WHEN artist Lisa D. Watson was a girl in small town Ohio, she used to like to hang out under the bridge near her house.
For some kids, in some towns, that could have been the beginning of a bad trend. But for Watson, it was a gateway to wonder:
“I used to sit in my canoe for hours, watching the ducks and the turtles,” she recalls. “It gave me this great appreciation for the things that happen underneath the structures we take for granted.”
Her father, a steel salesman, also instilled in her an awareness of the expertise, materials and human labor that go into building bridges.
This, along with being stuck in traffic as an adult, fostered a lifelong affection for highway infrastructure.
“I’m obsessed with overpasses,” laughs the longtime Los Angeles dweller who moved to Savannah a decade ago after her parents retired to Hilton Head.
“The idea of someone finding the need for an extension between two spots and building it fascinates me.”
Bridges are practical, but they’re also metaphorical. After years in L.A. as an art director for television and commercials, the Columbus College of Art & Design graduate found that crossing the country reinvigorated her fine art career.
Her murals are included in video artist Bill Viola’s installations worldwide, and her work has been exhibited locally at Indigo Sky Community Gallery and the JEA.
Given her affinity for linking people and places, it’s no surprise that when it came to artistically exploring and documenting her current surroundings, she chose to spotlight its bridges.
“It’s the one thing that hasn’t been focused on,” says Watson.
“People paint the water and the buildings, but other than the Talmadge, not so much the bridges.”
Watson has created multimedia works inspired by seven of Savannah’s spans—some longer and more famous than others—for “City Traversed,” hanging along the curved walls of the City Hall Rotunda through the end of 2015.
The exhibit reveals the underappreciated symmetry of the CSX Railroad extension over the Savannah River and the engineering feat of the Sam Varnedoe Drawbridge that carries traffic to and from the island neighborhoods.
The latter, slated for demolition because of its tendency to get stuck in the “open” position and snarl traffic for entire afternoons, was built in 1963 and utilizes a moveable, double-leaf bascule and a fixed concrete multi-beam stringer, a combination that was the height of technology when it was conceived.
“It’s a complicated contraption,” marvels Watson.
Using paint, reclaimed industrial wood waste and recycled security envelopes to intricately layer color and texture, Watson employs a pragmatic sensibility that echoes the clean lines and zero waste of modern architecture.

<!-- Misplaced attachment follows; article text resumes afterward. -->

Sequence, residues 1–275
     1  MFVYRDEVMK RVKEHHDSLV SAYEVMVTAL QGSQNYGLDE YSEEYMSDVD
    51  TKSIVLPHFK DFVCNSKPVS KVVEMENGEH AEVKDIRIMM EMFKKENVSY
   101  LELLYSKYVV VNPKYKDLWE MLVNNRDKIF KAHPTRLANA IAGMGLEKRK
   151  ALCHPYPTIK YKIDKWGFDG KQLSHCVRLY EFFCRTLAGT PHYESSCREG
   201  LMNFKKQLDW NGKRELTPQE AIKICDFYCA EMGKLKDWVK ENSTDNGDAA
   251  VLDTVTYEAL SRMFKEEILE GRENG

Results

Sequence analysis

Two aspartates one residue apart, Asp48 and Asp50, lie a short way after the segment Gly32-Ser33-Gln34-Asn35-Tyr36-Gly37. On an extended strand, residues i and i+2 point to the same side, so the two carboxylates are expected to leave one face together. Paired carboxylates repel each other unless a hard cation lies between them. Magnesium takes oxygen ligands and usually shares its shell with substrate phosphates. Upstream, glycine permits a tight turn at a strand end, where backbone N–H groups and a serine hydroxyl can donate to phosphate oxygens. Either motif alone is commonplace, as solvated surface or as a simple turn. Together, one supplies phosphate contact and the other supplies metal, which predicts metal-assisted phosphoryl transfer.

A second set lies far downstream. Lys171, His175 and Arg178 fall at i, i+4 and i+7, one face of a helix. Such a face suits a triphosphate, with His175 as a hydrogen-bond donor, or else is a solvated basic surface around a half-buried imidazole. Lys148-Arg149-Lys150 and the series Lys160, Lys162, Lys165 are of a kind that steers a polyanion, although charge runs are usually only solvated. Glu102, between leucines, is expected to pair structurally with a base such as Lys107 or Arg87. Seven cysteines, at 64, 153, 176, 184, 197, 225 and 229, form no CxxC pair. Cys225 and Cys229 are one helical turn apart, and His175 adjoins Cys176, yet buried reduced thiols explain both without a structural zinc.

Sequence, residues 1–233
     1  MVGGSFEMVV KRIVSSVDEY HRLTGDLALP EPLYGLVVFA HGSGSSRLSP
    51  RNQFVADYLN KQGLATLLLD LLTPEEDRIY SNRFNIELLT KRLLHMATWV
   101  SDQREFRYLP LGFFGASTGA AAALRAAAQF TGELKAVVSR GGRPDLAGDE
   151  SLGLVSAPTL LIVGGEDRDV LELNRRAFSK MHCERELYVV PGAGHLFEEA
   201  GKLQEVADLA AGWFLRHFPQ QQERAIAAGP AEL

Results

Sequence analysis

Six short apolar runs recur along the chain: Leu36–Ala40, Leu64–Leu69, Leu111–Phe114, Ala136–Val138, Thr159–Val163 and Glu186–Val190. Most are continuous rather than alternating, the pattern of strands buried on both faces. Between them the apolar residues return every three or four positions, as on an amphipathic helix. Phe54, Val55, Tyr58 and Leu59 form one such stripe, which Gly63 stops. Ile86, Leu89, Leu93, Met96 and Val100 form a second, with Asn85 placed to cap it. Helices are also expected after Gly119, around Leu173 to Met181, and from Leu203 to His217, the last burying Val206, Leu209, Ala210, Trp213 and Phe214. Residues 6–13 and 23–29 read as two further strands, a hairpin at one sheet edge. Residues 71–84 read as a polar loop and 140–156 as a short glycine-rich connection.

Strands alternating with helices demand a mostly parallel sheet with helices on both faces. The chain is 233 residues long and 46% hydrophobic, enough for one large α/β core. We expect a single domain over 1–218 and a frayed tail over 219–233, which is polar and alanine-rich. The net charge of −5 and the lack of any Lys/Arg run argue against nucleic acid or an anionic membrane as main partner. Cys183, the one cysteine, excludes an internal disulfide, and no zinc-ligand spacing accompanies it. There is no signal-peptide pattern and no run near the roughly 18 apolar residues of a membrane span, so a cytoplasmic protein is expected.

Her work also reflects the sensitivity to the environment cultivated from her years spent in the canoe under her childhood bridge’s shadow.
Several of the bridges in “City Transversed” cross the water, and with the help of Bull River Cruises’ Captain Mike and Kathy Neal, she was able to conduct research from the same perspective.
“I like bridges because they’re a type of architecture that can have a positive impact on the ecology,” says Watson, who aims to do the same with her landscape and interiors company, Plan It Green Designs.
In the largest piece, the I-95 Savannah River Bridge receives dynamic treatment, its pylons reaching out of the marsh towards the clouds, a spray of orange swallows flying out from the eaves.
Ironically, this same stretch is featured on the website Uglybridges.com. While the website is less about aesthetic judgement than it is a call for attention to America’s thousands of bridges in dire need of maintenance, Watson takes umbrage at the slight.
“They might think differently if they experienced the flora, alligators, birds and their songs that exist underneath,” she writes in her artist statement.
“It’s purely magical.”
Savannah’s most iconic bridge, however, could use a bit of makeover in Watson’s view. The double-towered, cable-stayed bridge that connects Savannah with South Carolina replaced a cantilever truss bridge in the early 1990s, a necessary upgrade as cargo ships calling on the Port of Savannah became larger.
It’s a fairly basic design, seen in several nearby municipalities including Charleston and Jekyll Island. When it was built, the new bridge was originally dedicated to historic Creek leader Tomochichi, but public pressure dictated that it retain the moniker of former Georgia governor and avowed segregationist Eugene Talmadge.
“It gives the city a tiara, it brings in height,” observes Watson of the structure. “But we’ve got to get rid of the name.”
Her favorite bridge in the series is hardly a bridge at all, just a vine-covered section of railroad that rolls over the two westbound lanes of Henry Street.
“It was built more than a hundred and fifty years ago,” notes Watson. “Look at the curve of the handrail, the big bolts, that little bit of rust, it’s just beautiful.”
She laments while there are exceptions, most modern American bridges are aesthetically substandard and don’t reflect their role as connectors. She does find hope in a proposal put forth in 1996 for a bridge that unified the talents of architect Frank Gehry, sculptor Richard Serra and German engineer Jorg Schlaich.
While it was never built, the prospect of a multi-disciplinary approach to bridge-building brings together all of Watson’s passions.
“When a city is in need of a bridge, this type of collaboration could change the aesthetic level of bridges being built today,” she says excitedly, citing potential sculptures, gardens, bike/pedestrian lanes, public spaces and solar powered lighting.
“I would love to be part of a bridge design team. Imagine all the possibilities!”